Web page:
DYNAMOMETER POWER FACTOR AND PHASE ANGLE MEASUREMENT


Measurement of Power Factor and Phase Angle

A variation of the fundamental electrodynamometer instrument is used to measure power factor or the phase angle, and is called the crossed-coil type. See Figure 6-7. In this design the moving element consists of two separate coils, instead of one which are mounted on the same shaft and set at an angle to each other.



The lead-in springs or spirals to the crossed coils are made as light or weak as possible so as to exert practically no torque. In the single-phase instrument, one of the crossed moving coils is connected in series with a resistor across the line while the other is connected in series with a reactor across the line.

The current flowing through the reactor-connected coil is approximately 90 degrees out of phase with the line voltage. The field coil is connected in series with the line as an ammeter coil.

In operation, the moving system assumes a position dependent upon the phase relationship between the line current and the line voltage. If the line current is in phase with the line voltage, the reactor-connected moving coil will exert no torque and the resistor-connected coil will align its polarities with those of the fixed-coil field.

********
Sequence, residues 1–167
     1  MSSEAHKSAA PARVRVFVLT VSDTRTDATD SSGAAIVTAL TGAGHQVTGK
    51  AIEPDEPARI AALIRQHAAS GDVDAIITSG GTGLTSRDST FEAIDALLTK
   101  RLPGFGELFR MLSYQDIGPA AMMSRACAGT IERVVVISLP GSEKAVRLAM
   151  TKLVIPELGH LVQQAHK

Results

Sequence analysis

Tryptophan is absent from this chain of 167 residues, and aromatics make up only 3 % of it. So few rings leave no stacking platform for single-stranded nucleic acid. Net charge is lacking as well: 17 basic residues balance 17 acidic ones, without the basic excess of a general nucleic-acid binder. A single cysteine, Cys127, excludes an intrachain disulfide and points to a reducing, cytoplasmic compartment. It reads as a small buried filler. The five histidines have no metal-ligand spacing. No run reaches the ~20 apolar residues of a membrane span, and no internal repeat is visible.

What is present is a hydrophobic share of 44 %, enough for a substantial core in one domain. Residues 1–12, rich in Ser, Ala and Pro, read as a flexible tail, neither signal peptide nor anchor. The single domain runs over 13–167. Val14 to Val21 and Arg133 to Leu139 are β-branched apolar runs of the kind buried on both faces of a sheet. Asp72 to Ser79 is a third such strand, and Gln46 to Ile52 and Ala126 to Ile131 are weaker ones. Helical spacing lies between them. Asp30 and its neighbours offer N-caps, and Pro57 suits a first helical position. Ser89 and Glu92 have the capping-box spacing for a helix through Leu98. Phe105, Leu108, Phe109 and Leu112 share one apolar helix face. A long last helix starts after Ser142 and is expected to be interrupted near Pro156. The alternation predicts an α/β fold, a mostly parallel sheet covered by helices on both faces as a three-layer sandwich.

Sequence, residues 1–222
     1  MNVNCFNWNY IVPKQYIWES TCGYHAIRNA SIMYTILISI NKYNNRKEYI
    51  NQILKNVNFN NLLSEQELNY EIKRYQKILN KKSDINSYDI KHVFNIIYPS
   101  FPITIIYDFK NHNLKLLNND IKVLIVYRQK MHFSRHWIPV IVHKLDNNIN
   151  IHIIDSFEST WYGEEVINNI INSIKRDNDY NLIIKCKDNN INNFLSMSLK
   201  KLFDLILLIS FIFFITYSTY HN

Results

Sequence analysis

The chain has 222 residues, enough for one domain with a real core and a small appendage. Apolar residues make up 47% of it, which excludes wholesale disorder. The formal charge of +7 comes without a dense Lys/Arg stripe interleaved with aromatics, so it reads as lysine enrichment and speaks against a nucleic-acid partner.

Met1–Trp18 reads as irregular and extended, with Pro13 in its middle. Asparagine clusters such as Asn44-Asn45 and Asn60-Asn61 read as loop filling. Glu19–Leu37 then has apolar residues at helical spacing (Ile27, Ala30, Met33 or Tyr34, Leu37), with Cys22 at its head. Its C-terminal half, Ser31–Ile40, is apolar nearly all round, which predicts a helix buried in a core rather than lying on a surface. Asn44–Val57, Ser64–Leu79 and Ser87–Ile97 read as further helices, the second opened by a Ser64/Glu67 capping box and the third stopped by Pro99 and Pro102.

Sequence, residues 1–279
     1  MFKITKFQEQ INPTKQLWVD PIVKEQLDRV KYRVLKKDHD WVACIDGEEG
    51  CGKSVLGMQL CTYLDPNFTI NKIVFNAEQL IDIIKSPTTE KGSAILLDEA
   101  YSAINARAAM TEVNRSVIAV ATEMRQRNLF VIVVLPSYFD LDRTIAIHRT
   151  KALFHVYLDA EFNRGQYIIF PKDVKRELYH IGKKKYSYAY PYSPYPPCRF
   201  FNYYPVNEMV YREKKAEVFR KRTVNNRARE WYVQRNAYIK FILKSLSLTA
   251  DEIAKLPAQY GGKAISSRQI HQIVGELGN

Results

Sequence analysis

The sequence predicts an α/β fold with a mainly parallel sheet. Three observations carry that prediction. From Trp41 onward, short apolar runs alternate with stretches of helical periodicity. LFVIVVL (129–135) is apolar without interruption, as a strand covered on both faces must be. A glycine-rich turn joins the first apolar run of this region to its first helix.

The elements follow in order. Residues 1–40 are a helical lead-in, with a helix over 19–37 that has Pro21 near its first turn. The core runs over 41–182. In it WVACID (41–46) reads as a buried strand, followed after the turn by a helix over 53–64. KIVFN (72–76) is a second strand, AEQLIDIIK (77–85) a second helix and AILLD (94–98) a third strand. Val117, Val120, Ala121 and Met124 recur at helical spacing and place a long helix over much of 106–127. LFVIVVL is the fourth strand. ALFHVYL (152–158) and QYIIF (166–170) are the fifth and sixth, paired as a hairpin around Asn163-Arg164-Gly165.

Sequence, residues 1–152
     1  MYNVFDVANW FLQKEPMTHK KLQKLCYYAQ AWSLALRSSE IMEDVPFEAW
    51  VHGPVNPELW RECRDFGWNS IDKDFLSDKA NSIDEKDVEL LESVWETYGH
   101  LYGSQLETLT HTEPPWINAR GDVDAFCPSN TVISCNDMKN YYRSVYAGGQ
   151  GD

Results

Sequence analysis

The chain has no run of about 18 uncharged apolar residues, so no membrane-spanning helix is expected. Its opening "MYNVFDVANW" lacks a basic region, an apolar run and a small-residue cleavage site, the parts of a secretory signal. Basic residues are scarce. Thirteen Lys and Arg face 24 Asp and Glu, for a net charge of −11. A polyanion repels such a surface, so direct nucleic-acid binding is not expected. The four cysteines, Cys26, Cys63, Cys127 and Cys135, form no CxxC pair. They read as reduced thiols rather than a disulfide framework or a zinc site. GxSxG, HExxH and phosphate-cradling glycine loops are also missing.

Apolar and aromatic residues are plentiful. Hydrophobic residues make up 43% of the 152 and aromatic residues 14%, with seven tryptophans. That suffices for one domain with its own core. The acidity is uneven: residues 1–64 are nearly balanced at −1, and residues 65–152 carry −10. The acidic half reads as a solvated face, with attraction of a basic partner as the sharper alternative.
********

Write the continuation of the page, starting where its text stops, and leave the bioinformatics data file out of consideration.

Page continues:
If the line current is out of phase with the line voltage, the reactor connected moving coil will exert a restraining or counter torque and the moving element will assume a position in the field of the fixed coil where the two torques are in balance.

This instrument may be calibrated to indicate either power factor or the phase angle between the line voltage and current. In the three-phase power factor instrument, the crossed moving coils are connected to opposite legs of a three-phase system.

The fixed coils are connected in series with the line used as a common for the moving-coil connection. This instrument will give correct indication on balanced load only.

When these instruments are not energized, the pointer has no definite zero or rest position as do instruments whose restraining torque is a spring. They are therefore known as free-balance instruments.

Power factor meters may also be of the induction type. In one such type for single-phase use, the fixed element consists of three stationary coils and the moving element comprises an indicator shaft bearing an iron armature. As in the electrodynamometer type, operation is based on the interaction of a rotating and an
alternating magnetic field.

1 comment:

  1. Hi, nice post got valuable information about Power factor.
    Power factor improvement plays a major role in the industry, which saves lots of money and strengthens the life of the machine.

    ReplyDelete